Read with interest an update on the anti-hoon legislation in Victoria – 1038 vehicles impounded over the past three months since the period of impoundment changed from 48 hours to 30 days. Sounds like a lot of cars and a lot of hoons – wonder how many don’t have their cars seized when they should have or because they just do not get caught.
Police Deputy Commissioner Kieran Walshe said the results were concerning but sent a strong message to would-be hoons – “This is outrageous behaviour on the state’s roads and places not only these motorists at risk, but other innocent road users … It’s concerning that 310 vehicles have been impounded for unlicensed driving. These are drivers that should not be on the road. If you have been suspended or disqualified from driving, it’s for a good reason.”
Sounds fair enough to me. But as a contrast, over in San Diego at the moment and front page of the news was the passing of a Bill to change the impound laws for seizing vehicles from unlicensed drivers because 30 days was seen to be too harsh.
It would appear that police have been criticised for holding sobriety checkpoints (similar to what in Victoria we would call a booze bus) concentrated in areas where they are more likely to intercept illegal immigrants who just by chance do not hold a licence or are disqualified from holding one.
Police defend the setting up of these checkpoints in these locations because the locations are intelligence based. Chris Cochran, an assistant director of the California Office of Traffic Safety, said driver’s license checkpoints serve a needed purpose. “People who drive without a license, no matter why they don’t have one, are disproportionately more dangerous to themselves and others,” Cochran said. “Although accounting for less than 10 percent of drivers, they are involved in 20 percent of all fatal crashes, killing an average of 8,000 people a year nationwide. Every allegation that OTS has looked into involving allegation of targeting Hispanic neighborhoods has ended up showing a noticeable correlation between checkpoint placement and DUI crashes and arrests, no matter the type or demographics of the neighborhood.”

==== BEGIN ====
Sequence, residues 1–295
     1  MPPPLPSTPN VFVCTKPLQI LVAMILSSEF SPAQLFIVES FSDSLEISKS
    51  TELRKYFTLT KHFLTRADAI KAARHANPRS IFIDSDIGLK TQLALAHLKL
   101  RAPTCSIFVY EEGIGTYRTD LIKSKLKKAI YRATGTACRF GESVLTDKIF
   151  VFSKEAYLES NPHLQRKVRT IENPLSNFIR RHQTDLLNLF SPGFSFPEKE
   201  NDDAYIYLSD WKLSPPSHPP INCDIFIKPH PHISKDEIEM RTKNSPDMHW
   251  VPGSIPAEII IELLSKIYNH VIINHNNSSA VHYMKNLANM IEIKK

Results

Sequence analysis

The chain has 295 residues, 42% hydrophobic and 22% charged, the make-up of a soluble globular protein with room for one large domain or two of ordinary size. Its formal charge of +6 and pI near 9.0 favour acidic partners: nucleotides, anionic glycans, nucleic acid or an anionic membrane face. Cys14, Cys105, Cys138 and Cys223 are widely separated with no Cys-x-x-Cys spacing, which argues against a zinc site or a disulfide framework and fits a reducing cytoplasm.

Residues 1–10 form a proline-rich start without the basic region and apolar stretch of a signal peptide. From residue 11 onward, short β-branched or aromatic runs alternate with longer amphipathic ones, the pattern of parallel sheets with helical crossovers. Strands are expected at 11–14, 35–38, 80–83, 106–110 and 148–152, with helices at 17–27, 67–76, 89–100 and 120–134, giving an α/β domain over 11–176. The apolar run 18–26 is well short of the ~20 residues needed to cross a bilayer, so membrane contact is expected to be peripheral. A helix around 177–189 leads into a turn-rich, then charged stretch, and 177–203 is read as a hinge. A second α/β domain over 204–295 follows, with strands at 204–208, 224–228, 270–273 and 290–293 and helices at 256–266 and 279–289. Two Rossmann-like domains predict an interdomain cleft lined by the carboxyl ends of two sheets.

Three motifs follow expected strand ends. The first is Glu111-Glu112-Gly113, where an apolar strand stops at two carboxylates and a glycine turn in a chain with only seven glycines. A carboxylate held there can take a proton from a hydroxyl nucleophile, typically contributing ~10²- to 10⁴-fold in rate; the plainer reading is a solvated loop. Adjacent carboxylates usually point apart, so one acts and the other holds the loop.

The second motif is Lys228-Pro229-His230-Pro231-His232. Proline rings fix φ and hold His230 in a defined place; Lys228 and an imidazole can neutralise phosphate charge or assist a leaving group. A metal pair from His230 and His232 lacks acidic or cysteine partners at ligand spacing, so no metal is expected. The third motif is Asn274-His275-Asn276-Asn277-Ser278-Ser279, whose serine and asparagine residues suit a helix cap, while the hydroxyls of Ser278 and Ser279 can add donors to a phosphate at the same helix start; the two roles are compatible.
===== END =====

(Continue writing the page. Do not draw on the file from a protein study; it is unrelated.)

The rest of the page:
See the contrast with what Kieran Walshe said, and then see the changes to the legislation – because of the belief that police are targeting illegal immigrants rather than drunk drivers the San Diego law has changed from a 30 day impoundment to no impoundment as police must now first make reasonable inquiries to release the vehicle to a licensed driver representing the vehicle owner at the time of interception or as soon as possible afterwards.
Police say they have always had the discretion – civil libertarians said they are using current laws to push out illegal immigrants.
And Deputy Commissioner Walshe says if you don’t have a licence then you deserve to get caught. Wonder if in several years time we will be looking for a change because a certain class of person is seen to be disadvantaged? However, I always think that no matter who or what you are the law is there for a reason and no-one but yourself is responsible for breaking the law.
(As an aside – Kieran Walshe reported in three months in Victoria 310 vehicles have been impounded from unlicensed/disqualified drivers – on one Friday night in Escondino 21 vehicles were seized from unlicensed (17)/disqualified drivers (4))